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Original Research: COPD |

Impact of Pulmonary Artery Pressure on Exercise Function in Severe COPD

Michael W. Sims, MD, MSCE; David J. Margolis, MD, PhD; A. Russell Localio, JD, MPH, PhD; Reynold A. Panettieri, MD; Steven M. Kawut, MD, MS, FCCP; Jason D. Christie, MD, MSCE
Author and Funding Information

From the Pulmonary, Allergy, and Critical Care Division (Drs. Sims, Panettieri, Kawut, and Christie), Airways Biology Initiative, Department of Medicine, and the Center for Clinical Epidemiology and Biostatistics (Drs. Sims, Margolis, Localio, Kawut, and Christie), Department of Biostatistics and Epidemiology, University of Pennsylvania School of Medicine, Philadelphia, PA.

Michael W. Sims, MD, MSCE, University of Pennsylvania, Department of Pulmonary, Allergy, and Critical Care, 423 Mutch Building, PPMC, 51 North 39th St, Philadelphia, PA 19104; e-mail: michael.sims@uphs.upenn.edu


This work was supported by National Institutes of Health grants T32-HL-007891, K30-HL-04134, HL082895, and HL086719.

Reproduction of this article is prohibited without written permission from the American College of Chest Physicians (www.chestjournal.org/site/misc/reprints.xhtml).


© 2009 American College of Chest Physicians


Chest. 2009;136(2):412-419. doi:10.1378/chest.08-2739
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Background:  Although pulmonary hypertension commonly complicates COPD, the functional consequences of increased pulmonary artery pressures in patients with this condition remain poorly defined.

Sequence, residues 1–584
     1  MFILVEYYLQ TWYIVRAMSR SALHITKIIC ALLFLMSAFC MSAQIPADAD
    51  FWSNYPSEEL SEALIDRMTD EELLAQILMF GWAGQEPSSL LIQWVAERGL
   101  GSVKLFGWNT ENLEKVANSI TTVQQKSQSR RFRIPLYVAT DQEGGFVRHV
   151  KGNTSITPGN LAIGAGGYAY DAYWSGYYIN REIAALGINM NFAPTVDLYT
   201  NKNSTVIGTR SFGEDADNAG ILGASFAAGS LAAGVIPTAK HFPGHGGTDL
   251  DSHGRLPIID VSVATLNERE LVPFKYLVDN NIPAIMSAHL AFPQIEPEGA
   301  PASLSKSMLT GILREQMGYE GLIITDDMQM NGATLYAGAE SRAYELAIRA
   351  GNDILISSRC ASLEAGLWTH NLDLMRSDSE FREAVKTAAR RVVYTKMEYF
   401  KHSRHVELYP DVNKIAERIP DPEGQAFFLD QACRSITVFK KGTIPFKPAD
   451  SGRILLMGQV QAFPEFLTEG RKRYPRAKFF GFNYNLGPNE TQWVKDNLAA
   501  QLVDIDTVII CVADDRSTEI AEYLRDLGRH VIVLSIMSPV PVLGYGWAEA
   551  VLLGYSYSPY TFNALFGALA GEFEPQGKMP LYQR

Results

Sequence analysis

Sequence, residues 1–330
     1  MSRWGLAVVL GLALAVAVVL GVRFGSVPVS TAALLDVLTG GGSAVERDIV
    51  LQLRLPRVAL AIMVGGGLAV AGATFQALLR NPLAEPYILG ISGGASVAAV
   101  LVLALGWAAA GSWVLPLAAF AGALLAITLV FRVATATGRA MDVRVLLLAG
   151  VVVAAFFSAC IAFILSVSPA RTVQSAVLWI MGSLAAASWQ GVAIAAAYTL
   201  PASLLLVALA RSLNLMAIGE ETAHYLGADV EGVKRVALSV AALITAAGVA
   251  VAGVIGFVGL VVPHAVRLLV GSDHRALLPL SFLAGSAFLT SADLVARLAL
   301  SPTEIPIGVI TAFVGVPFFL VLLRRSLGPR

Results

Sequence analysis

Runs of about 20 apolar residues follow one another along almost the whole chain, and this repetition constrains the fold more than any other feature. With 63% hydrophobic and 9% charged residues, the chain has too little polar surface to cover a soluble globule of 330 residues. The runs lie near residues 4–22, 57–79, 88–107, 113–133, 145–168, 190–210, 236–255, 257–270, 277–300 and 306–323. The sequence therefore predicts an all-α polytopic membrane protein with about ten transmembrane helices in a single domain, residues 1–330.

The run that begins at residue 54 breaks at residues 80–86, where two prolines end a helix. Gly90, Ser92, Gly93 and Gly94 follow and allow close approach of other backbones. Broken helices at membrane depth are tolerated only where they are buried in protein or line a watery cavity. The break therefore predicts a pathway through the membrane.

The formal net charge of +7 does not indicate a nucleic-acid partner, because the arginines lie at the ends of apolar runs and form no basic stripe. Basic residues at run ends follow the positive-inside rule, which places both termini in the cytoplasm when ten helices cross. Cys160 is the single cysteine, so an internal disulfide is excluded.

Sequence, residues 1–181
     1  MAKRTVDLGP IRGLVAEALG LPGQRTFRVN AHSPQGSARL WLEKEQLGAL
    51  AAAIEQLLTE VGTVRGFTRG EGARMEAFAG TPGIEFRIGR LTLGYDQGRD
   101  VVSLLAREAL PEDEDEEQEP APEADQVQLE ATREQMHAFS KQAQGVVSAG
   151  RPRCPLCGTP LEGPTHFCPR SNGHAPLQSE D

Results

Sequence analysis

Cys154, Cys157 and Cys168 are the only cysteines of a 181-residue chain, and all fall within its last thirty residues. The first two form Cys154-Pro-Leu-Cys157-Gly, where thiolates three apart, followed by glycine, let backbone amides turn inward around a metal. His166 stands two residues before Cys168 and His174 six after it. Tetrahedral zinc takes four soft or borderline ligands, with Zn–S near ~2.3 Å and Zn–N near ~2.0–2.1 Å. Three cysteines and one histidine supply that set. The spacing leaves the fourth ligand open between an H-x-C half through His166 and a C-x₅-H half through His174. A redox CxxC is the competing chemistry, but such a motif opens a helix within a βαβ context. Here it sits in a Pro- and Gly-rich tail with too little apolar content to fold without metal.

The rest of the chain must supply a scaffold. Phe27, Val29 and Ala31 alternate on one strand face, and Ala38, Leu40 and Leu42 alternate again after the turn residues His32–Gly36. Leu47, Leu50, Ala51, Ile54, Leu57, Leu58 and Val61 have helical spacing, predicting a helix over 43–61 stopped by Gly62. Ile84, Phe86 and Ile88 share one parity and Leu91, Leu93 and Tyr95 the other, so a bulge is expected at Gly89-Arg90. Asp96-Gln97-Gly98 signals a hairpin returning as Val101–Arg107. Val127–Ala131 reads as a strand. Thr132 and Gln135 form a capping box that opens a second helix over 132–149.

Methods:  We conducted a cross-sectional analysis of a cohort of 362 patients with severe COPD who were evaluated for lung transplantation. Patients with pulmonary hemodynamics measured by cardiac catheterization and available 6-min walk test results were included. The association of mean pulmonary artery pressure (mPAP) with pulmonary function, echocardiographic variables, and 6-min walk distance was assessed.

Results:  The prevalence of pulmonary hypertension (mPAP, > 25 mm Hg; pulmonary artery occlusion pressure [PAOP], < 16 mm Hg) was 23% (95% confidence interval, 19 to 27%). In bivariate analysis, higher mPAP was associated with lower FVC and FEV1, higher Pco2 and lower Po2 in arterial blood, and more right heart dysfunction. Multivariate analysis demonstrated that higher mPAP was associated with shorter distance walked in 6 min, even after adjustment for age, gender, race, height, weight, FEV1, and PAOP (−11 m for every 5 mm Hg rise in mPAP; 95% confidence interval, −21 to −0.7; p = 0.04).

Conclusions:  Higher pulmonary artery pressures are associated with reduced exercise function in patients with severe COPD, even after controlling for demographics, anthropomorphics, severity of airflow obstruction, and PAOP. Whether treatments aimed at lowering pulmonary artery pressures may improve clinical outcomes in COPD, however, remains unknown.

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